[Top][All Lists]

[Date Prev][Date Next][Thread Prev][Thread Next][Date Index][Thread Index]

Re: [lmi] Measuring MD5 overhead

From: Vadim Zeitlin
Subject: Re: [lmi] Measuring MD5 overhead
Date: Mon, 6 Apr 2020 20:19:06 +0200

On Mon, 6 Apr 2020 15:34:56 +0000 Greg Chicares <address@hidden> wrote:

GC> and I'd like to know how much relative performance would be impaired.
GC> Thus, 'git show 77626be8dc06':
GC>     use first one of these commands, then the other
GC>       wine ./lmi_wx_shared --data_path=/opt/lmi/data
GC>       wine ./lmi_wx_shared --data_path=/opt/lmi/data --pyx=measure_md5
GC>     to run some scenario like
GC>       File | New | Illustration
GC>       OK
GC>       File | Print to PDF
GC>     and compare the elapsed time shown on the statusbar, to see the cost
GC>     of reauthenticating before generating each PDF.
GC>     On my machine, running under 'wine', I see:
GC>       341 msec without '--pyx=measure_md5'
GC>       405 msec  with   '--pyx=measure_md5'
GC>     and (405-341)/341 is about a twenty-percent penalty.

 Here, maybe using slightly, but not materially, different files, I get
(minimal times of 10 runs) 77ms without measure_md5 and 150ms with it, i.e.
the difference is substantial.

 Just for illustration, I've also ran the same test with the MSVS (release,
i.e. optimized) binary and the results were, somewhat surprisingly, 62ms
without measure_md5 and the same 150ms with it, for it.

GC> On the other hand, Kim sees no noticeably penalty, running lmi
GC> under native msw on a typical underpowered corporate laptop
GC> (with a typical dataset, which might be one-third the size of
GC> the '*.xyz' one used above):
GC>   # first trial
GC> Without '--pyx=measure_md5', Output: 451 milliseconds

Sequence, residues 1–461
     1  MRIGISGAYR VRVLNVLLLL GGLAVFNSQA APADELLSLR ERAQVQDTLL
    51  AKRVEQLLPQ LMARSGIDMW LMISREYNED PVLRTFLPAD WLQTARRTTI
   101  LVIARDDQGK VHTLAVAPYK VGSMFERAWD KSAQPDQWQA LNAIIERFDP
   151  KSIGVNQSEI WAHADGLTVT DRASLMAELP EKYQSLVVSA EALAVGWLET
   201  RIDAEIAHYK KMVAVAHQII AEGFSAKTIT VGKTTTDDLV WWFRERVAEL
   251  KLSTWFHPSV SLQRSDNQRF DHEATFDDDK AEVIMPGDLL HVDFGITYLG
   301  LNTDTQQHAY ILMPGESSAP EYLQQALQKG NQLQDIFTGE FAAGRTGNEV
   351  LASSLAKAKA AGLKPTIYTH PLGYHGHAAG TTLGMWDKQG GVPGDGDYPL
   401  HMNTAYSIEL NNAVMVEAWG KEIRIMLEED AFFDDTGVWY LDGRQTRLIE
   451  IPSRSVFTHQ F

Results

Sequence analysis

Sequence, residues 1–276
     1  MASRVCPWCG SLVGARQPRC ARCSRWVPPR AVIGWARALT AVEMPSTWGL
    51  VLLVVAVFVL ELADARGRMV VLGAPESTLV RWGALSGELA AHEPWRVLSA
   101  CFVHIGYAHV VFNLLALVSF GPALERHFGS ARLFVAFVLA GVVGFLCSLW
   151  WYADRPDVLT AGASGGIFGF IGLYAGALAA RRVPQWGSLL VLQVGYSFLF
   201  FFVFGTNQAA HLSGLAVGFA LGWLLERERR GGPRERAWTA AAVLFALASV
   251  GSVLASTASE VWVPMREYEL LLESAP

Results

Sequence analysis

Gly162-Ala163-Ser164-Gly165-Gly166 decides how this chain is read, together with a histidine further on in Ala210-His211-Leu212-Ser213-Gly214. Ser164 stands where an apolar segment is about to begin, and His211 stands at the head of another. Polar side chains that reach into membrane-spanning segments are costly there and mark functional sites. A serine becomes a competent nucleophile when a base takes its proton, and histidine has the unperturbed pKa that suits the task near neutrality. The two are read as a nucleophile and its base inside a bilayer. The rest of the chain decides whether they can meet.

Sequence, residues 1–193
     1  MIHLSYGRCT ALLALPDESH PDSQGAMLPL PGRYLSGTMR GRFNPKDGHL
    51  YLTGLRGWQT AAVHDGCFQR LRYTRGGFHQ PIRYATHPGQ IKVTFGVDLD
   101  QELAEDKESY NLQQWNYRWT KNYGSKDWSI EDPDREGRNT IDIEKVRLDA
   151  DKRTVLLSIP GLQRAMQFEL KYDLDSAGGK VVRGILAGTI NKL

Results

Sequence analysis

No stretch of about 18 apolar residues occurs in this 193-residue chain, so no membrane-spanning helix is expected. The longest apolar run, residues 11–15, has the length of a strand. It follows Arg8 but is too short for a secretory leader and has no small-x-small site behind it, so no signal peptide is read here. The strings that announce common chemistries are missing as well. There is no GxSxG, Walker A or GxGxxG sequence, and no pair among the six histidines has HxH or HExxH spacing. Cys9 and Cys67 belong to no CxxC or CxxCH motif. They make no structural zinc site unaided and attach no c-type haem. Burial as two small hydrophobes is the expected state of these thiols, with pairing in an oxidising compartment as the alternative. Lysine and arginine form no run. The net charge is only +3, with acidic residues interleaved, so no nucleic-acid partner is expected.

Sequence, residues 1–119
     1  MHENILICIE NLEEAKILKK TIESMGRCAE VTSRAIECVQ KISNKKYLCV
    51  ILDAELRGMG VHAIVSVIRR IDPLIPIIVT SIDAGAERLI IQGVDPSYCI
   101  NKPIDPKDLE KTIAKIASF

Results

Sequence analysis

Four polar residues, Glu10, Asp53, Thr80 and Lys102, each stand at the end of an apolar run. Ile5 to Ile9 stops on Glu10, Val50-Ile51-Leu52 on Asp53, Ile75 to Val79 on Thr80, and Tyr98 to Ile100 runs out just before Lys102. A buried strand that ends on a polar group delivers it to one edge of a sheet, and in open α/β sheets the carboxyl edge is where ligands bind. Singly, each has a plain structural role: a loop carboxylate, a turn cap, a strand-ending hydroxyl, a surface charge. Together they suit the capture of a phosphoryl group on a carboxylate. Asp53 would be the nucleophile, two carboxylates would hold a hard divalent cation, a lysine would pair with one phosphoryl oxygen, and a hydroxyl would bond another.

GC> With '--pyx=measure_md5', Output: 448 milliseconds
GC>   # second trial
GC> Without '--pyx=measure_md5', Output: 452 milliseconds
GC> With '--pyx=measure_md5', Output: 438 milliseconds

 The 3 times difference for the latter is not that surprising (my PC is 7.5
years old, but it was pretty high end back when I assembled it), but the
difference for the "normal" time is quite impressive... Worse, 60-70ms is
not really noticeable, but 450ms definitely is, so there is definitely
scope for some optimization here.

GC> Could I ask you to do the same (using native msw and the '*.xyz'
GC> dataset) and report your results here? If your results roughly
GC> agree with Kim's, then we should probably just resolve the
GC> "TODO ??" issue above by inhibiting the md5sum validation cache
GC> and revalidating before producing every report.

 Unfortunately my results are quite different...

GC> >  I thought we could decrease the time further by running several processes
GC> > in parallel, but this doesn't help -- it looks like the overhead of
GC> > launching a process is too high for such small tasks, even under Linux, 
GC> > even if I use just 8 (== number of cores) processes in total. I'd like to
GC> > explore using several threads for executing this in parallel inside a
GC> > single process, normally this should result in a noticeable gain and this
GC> > is supposed to be simple to do in modern C++, in theory (but things have 
GC> > annoying tendency to work somewhat differently in practice, so we'll see).
GC> It's worth looking for a way to make validation faster, because
GC> that might
GC>  - reduce the revalidation penalty, making the decision above easier; and
GC>  - perhaps even reduce lmi's startup time (regardless of how the decision
GC>    above is made, always validating all data files at least once, at
GC>    startup, has some nonzero cost).
GC> I would guess that threading won't help much, because the time it takes
GC> to (re)validate a file is probably dominated by file I/O.

 We could read the files from multiple threads too, but I don't know if
it's really a good idea.

GC> But go ahead and try that if you like, because my guess may be wrong.

 I'll try, although not immediately as I still have wxGrid changes to
finish... This shouldn't take long and even if we implement another
solution later, this could provide a nice improvement right now (I think